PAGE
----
Mr. Speaker, we are in a situation where the government has introduced legislation that is open-ended. We need to understand, very well, what security measures would be enacted with this bill and we need to talk about them.

We do not need to show the terrorists where all our planning is but we do need to talk about what the parameters of the security are, and that needs to be done in committee. We need to understand, perhaps from the Privacy Commissioner or from human rights lawyers, where this fits in a spectrum. We need to know the kind of security clearance the U.S. is demanding of our people right now and how that information is being used.

Many of those questions need to be answered and they can only be answered through consultation. As parliamentarians, that is how we get the information and expert opinion on these bills that can actually guide us in making good decisions.

Transportation of Dangerous Goods Act, 1992
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10:30 a.m.

NDP

Paul Dewar Ottawa Centre, ON

Mr. Speaker, I have one other question for my colleague from the north. I just want his take on the privacy issue and his concerns around how this bill would affect privacy.

When it came to changes in the Elections Act for photo ID, one of the problems around the government's legislation when it came to privacy was that we did not have the Privacy Commissioner at the table. I wrote to her. There were concerns about birthdates on election lists that would be shared with political parties. That is in the amendments that some of the parties wanted. I was against that.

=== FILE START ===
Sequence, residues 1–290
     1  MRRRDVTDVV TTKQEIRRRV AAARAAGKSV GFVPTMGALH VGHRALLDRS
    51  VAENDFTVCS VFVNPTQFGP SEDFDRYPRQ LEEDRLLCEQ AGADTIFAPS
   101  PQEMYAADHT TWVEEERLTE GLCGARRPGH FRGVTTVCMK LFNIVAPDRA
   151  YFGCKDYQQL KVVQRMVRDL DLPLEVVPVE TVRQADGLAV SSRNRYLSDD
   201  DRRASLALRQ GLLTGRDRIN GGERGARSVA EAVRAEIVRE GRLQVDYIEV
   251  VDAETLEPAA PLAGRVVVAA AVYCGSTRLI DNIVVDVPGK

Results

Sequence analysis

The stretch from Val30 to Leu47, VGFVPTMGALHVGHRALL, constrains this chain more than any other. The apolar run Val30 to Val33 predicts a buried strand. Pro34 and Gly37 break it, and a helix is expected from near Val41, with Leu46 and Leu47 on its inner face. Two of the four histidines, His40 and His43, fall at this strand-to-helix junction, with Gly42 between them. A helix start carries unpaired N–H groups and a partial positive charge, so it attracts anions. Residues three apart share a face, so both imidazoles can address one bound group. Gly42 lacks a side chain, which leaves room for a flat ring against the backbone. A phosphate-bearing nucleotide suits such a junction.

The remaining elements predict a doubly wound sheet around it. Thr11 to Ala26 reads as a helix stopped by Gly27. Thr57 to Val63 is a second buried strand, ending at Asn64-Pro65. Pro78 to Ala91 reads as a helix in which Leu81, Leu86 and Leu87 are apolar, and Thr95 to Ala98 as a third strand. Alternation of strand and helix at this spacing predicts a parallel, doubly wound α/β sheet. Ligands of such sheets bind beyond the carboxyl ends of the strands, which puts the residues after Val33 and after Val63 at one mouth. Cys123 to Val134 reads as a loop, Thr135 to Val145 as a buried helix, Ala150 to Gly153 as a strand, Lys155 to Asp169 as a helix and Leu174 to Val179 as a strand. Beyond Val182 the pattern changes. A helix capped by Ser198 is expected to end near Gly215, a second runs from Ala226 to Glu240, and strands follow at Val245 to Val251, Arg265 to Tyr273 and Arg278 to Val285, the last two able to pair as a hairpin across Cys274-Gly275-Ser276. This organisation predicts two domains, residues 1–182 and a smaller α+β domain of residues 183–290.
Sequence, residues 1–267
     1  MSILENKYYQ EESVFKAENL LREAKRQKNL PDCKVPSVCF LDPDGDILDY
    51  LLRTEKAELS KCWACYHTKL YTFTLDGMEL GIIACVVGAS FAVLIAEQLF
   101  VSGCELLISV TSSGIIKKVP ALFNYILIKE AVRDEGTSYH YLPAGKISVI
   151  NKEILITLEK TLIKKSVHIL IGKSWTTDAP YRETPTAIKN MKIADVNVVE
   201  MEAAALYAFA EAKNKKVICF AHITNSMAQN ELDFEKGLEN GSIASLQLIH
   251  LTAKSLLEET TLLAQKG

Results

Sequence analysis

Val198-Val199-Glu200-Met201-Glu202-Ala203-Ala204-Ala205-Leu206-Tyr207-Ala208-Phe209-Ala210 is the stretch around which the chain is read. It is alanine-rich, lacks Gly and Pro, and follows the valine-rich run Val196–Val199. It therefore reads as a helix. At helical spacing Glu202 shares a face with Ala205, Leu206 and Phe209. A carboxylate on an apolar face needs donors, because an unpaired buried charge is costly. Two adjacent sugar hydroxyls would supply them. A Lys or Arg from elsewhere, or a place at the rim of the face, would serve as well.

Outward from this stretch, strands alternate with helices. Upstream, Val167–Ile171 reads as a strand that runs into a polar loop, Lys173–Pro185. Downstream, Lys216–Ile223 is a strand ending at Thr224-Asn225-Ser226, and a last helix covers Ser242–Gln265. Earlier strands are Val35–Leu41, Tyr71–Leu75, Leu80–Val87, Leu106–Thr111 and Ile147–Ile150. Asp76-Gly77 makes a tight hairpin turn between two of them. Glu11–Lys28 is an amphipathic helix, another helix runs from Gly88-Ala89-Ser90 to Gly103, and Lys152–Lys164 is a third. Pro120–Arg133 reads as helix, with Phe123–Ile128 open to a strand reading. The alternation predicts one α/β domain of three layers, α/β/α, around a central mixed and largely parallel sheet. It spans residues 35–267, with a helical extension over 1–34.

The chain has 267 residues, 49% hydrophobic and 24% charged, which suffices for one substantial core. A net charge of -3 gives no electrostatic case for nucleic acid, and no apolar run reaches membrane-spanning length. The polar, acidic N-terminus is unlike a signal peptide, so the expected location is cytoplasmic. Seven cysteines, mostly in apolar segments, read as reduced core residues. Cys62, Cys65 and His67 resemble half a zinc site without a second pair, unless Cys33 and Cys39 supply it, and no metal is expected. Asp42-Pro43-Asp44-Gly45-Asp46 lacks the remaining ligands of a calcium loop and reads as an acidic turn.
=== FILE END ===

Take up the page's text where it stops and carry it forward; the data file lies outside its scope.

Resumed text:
On this bill, does the member think it would be a wise idea to ensure that the Privacy Commissioner is actually consulted and that, when the bill comes to committee, we ask Ms. Stoddart to appear before the committee to hear her concerns and essentially give us the principles of and the criteria for privacy when it comes to this bill?

Transportation of Dangerous Goods Act, 1992
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10:30 a.m.

NDP

Dennis Bevington Western Arctic, NT

Mr. Speaker, I could not have said that better myself.

Transportation of Dangerous Goods Act, 1992
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10:30 a.m.

Liberal

Keith Martin Esquimalt—Juan de Fuca, BC